Japanese Naval Power

Alessio Patalano*

*Corresponding author for this work

Research output: Chapter in Book/Report/Conference proceedingChapterpeer-review


The chapter develops for the first time in the Japanese context a framework to comprehend the role of naval power as a tool of statecraft and why it matters to Japan’s foreign and security policy. The chapter employs a strategic studies methodology to overcome the explanatory limits of mainstream perspectives narrowly focused on debating the nature of Japanese military power from a normative perspective. In so doing, it aims to make three distinctive contributions. First, the chapter argues that Japan’s military posture is not the result of a constrained legal framework. As a liberal democracy with an export-oriented economy, the shape of Japanese military power is consistent with the model of a “seapower state.” Second, the chapter argues that the most significant changes in Japanese naval power do not concern the expansion of capabilities or renewed commitment to the US-Japan alliance. They concerned the empowerment of Japanese foreign policy with the option to actively “shape” international stability. Third, the chapter explores how Prime Minister Abe’s impact on the use of naval power has not negated constitutional constraints. Rather, he focused naval power’s shaping potential to underpin and reinforce his signature Free and Open Indo-Pacific initiative.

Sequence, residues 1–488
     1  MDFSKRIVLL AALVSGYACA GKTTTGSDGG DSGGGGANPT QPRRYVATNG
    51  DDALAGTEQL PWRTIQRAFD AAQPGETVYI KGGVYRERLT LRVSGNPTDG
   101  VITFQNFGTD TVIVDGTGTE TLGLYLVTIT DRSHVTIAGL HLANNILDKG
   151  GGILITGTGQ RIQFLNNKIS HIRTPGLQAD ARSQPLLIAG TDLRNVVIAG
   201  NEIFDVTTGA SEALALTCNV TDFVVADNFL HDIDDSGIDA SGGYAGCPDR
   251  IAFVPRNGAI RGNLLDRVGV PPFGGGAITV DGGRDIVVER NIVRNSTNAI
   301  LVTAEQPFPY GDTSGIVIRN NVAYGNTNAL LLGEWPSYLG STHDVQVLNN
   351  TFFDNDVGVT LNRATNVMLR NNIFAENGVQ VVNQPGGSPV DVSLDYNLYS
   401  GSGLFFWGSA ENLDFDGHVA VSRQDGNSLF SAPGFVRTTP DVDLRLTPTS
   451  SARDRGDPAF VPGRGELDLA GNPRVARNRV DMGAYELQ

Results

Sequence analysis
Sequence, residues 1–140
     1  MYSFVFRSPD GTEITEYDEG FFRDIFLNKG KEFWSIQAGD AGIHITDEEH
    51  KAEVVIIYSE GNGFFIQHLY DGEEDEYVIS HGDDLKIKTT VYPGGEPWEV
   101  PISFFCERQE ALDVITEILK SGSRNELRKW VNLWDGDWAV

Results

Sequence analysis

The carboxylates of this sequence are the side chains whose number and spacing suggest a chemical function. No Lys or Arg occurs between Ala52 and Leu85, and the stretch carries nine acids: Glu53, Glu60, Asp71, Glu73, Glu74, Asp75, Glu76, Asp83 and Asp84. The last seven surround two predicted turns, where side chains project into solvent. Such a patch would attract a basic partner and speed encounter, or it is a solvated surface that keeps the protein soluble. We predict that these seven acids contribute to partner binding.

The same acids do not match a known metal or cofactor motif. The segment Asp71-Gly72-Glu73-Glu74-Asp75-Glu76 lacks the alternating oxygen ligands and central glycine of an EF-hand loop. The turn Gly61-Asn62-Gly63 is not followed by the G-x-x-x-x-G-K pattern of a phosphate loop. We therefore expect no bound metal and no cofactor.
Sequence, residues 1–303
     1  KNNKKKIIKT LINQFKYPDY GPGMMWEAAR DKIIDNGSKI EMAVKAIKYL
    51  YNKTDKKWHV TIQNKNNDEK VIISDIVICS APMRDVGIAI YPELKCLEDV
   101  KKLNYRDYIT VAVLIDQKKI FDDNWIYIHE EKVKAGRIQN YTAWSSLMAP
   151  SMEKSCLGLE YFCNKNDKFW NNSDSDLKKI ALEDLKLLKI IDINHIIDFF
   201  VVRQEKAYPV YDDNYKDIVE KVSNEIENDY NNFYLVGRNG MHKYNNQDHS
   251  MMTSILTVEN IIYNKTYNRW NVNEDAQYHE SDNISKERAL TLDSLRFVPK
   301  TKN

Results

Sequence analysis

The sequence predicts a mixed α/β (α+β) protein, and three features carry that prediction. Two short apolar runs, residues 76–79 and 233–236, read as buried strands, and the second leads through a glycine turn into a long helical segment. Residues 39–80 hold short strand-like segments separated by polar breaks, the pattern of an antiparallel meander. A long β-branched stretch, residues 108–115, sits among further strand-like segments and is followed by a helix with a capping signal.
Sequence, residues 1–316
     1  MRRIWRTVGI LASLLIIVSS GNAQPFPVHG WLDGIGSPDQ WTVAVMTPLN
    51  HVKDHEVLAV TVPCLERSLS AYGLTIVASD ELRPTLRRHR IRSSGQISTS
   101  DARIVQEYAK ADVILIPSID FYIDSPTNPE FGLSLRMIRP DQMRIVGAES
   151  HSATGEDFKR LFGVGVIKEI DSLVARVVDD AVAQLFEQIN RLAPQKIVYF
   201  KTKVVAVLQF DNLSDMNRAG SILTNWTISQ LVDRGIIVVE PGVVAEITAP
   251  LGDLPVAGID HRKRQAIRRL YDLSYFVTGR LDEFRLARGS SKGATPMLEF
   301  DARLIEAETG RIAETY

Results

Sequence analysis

Original languageEnglish
Title of host publicationThe Oxford Handbook of Japanese Politics
PublisherOxford University Press
Number of pages22
ISBN (Electronic)9780190050993
Publication statusPublished - 1 Jan 2020


  • Defense diplomacy
  • Free and open indo-pacific vision
  • Maritime strategy
  • Seapower state
  • Shaping posture


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